This Uber Driver Made $252,000 Last Year—Here’s How He Did It

This is genius.

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You might be familiar with the concept of driving for Uber or Lyft as a side gig, but Gavin Escolar has taken this part-time job to another level.

Last year, he made a whopping $252,000 driving people around.

His secret? He turned his car into a mobile showroom for his burgeoning jewelry business.

You can totally replicate Escolar’s model if you’ve got a side gig or business idea in the works, like trying to get an Etsy shop off the ground or grow your pet-sitting services.

Rose cut diamond engagement ring with matching wedding band in 18kt yellow gold #diamond #gavinescolar #ring #gold

A post shared by Gavin Escolar (@gavinescolar) on

Escolar moved to San Francisco from the Philippines to start his own business, but when times got tough, he started driving for Uber to make ends meet. Some passengers would chat with him while he drove.

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“I thought they would be silent or on the phone,” Escolar told Forbes. “But most people wanted to talk. When I mentioned my jewelry, they asked for business cards, but I didn’t have any.”

Rather than get business cards printed up, Escolar decided he would let his products do the talking. He started placing jewelry and catalogs around the car.

Escolar says the trick to making his business model work is to let customers lead the way—he never pushes his jewelry onto them. Plus, his unique tactic is more organic and cheaper than traditional advertising or sales methods.

No love at the moma for my soul bottle #soulbottle #water #moma #sfmoma #sanfrancisco #love

A post shared by Gavin Escolar (@gavinescolar) on

“It’s a salesman’s dream,” he said. “I have 10 minutes to make an impression. Would that happen if I went door-to-door? Or if I bought tiny online ads? My way, I get quality time with quality leads. Best of all, I’m being paid as I do it. It’s like Uber is providing a base salary before I make any jewelry sales.”

Emerald Cluster Pendant #handmade #gavinescolar #emerald #mensfashion #mensjewelry #androgynous

A post shared by Gavin Escolar (@gavinescolar) on

Beyond that, he’s been able to network with several high-profile executives, including Vogue fashion editors and investors, by driving them around.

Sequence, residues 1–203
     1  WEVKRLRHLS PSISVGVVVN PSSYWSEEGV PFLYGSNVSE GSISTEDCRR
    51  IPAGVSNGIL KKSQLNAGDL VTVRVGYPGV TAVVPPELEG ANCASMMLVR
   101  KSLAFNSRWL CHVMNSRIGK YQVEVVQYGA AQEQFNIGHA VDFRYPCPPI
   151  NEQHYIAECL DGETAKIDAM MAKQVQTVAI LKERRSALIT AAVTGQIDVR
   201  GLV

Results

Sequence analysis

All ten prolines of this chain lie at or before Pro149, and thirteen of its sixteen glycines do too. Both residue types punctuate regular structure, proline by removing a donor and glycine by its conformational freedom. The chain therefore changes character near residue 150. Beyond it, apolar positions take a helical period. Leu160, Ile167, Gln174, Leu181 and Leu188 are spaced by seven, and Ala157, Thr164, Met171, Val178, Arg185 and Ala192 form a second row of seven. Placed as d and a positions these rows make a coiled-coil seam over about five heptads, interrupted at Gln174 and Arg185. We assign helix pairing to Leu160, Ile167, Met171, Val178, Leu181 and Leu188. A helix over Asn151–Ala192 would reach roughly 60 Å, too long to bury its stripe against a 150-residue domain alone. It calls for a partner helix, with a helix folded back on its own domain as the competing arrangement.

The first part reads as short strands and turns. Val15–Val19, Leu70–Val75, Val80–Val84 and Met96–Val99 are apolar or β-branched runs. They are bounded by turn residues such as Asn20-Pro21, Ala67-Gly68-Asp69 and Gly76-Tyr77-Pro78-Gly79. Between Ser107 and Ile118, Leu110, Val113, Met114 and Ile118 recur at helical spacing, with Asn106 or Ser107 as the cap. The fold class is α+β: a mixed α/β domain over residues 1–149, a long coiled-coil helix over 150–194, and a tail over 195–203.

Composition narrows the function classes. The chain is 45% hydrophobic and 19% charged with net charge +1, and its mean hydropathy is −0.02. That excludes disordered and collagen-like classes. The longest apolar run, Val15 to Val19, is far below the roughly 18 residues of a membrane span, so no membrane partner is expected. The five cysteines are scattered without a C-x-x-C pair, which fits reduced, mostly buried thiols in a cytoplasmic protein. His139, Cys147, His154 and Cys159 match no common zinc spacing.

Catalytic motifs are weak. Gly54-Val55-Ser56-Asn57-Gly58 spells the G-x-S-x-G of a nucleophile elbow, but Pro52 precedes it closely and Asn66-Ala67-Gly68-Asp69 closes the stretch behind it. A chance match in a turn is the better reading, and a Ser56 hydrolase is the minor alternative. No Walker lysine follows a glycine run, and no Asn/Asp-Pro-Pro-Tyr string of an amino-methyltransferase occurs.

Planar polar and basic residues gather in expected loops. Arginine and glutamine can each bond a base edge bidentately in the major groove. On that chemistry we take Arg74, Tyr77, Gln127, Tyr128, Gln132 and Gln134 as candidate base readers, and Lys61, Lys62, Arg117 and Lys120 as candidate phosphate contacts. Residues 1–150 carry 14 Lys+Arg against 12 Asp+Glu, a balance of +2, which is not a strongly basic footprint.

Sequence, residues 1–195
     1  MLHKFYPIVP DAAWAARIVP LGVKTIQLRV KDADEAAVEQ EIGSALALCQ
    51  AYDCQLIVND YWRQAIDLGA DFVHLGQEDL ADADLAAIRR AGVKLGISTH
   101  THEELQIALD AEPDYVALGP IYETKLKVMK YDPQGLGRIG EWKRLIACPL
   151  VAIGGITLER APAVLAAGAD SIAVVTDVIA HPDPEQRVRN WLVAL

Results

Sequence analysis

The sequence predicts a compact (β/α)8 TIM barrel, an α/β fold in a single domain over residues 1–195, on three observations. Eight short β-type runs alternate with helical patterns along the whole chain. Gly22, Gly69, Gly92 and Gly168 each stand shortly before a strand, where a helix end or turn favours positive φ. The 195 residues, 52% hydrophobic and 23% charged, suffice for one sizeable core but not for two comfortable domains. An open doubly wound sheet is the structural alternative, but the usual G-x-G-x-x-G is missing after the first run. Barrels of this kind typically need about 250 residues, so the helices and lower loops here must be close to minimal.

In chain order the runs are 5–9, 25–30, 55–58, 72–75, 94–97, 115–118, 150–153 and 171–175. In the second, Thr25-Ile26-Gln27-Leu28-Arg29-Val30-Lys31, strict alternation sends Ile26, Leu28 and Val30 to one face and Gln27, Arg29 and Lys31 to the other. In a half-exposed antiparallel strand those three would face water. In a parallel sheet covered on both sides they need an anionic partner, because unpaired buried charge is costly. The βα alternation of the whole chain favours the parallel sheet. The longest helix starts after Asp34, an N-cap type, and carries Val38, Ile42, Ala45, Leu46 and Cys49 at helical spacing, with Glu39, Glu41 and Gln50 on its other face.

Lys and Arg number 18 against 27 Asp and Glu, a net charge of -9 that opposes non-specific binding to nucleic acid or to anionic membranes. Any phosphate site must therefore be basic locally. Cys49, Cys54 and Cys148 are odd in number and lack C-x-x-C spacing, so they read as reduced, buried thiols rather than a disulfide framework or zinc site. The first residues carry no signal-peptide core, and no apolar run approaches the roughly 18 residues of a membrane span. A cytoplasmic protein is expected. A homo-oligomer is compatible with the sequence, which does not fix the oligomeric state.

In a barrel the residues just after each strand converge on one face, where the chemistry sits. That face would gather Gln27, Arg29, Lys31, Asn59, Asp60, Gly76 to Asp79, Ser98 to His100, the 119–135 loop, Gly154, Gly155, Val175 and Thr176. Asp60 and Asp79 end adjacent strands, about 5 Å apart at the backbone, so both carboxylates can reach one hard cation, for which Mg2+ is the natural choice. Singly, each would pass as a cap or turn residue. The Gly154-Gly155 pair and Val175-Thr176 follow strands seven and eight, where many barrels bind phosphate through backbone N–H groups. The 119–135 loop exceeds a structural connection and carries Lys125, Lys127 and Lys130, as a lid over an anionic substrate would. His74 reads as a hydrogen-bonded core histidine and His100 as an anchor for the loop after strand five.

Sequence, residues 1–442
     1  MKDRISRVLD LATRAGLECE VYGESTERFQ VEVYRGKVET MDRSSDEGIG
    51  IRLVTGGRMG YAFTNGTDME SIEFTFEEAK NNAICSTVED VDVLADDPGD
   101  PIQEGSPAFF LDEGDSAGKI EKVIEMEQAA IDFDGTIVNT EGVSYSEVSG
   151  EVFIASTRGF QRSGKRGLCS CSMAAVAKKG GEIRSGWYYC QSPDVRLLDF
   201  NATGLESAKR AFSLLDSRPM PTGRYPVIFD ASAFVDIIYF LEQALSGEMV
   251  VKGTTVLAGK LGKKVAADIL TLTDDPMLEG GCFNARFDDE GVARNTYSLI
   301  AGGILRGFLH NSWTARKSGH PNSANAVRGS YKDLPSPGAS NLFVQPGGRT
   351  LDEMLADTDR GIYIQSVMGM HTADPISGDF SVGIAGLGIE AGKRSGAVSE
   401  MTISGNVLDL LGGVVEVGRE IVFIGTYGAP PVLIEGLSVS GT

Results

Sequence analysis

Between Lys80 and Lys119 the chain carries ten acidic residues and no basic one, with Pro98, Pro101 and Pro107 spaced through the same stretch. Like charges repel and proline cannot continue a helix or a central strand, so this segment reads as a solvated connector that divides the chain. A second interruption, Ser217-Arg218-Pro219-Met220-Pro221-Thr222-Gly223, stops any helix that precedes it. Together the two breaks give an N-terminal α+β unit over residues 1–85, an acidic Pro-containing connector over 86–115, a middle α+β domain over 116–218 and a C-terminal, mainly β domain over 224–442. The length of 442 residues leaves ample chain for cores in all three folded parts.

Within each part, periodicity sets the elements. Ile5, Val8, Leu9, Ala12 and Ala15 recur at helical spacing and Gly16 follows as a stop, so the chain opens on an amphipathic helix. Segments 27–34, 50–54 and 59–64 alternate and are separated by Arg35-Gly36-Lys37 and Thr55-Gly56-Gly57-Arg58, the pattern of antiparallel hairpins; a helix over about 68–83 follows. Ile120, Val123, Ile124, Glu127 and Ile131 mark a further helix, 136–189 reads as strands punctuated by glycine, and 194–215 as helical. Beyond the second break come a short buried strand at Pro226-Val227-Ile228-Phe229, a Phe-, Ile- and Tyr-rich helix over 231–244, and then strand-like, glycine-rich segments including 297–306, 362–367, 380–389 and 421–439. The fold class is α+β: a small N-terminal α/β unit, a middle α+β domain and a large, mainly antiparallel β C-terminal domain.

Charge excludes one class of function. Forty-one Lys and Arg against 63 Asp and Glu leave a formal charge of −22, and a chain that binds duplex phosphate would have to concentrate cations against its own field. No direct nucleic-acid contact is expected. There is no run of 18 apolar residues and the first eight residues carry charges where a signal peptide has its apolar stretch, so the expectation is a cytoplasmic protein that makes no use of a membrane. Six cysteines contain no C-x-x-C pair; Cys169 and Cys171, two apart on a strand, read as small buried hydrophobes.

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Uber says it’s totally cool with what Escolar is doing. And his customers are too—Escolar has a high rating from thousands of Uber and Lyft passengers.

What Do Side Gigs Really Pay?

If you’re reading Escolar’s story and wondering how common this is, you’re onto something. Most Uber drivers don’t pocket hundreds of thousands of dollars a year.

Some 44 million Americans have a side gig today, but have you ever wondered how much they really make?

Thanks to that smartphone in your pocket, and an instant connection to potential customers, you can now drive your car, rent out your home or do tasks for people to make money.

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But how much can you really make, working a side gig for Airbnb, Uber, Lyft, TaskRabbit, Etsy or other services?

A study claims you may not take home much of a salary if you are not completely committed to it.

Despite reports of people earning $100,000 a year at some of these services, a new report finds that 85% of side gig workers earn less than $500 a month.

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The California based loan provider Earnest analyzed thousands of loan applications, and found the average pay of many gig economy jobs.

  • Airbnb paid the most, with a median income of $440 a month. The average monthly income of users was $924.
  • Lyft: median income of $210 a month. The average monthly income of users was $377.
  • Uber: median income of $155 per month. The average monthly income of users was $364.
  • Task Rabbit: median income of $110 a month. The average monthly income of users was $380.
  • Doordash (a food delivery app): median income of $100 a month. The average monthly income was $229.
  • Etsy: median income of $40 a month. The average monthly income was $151.

It’s important to note that there Earnest found a wide range of earnings—some Airbnb hosts, for example, made over $10,000 a month.


So there you have it: the most lucrative side gigs. Now you can make an informed decisions about how to spend your time!

John Matarese contributed to this report.

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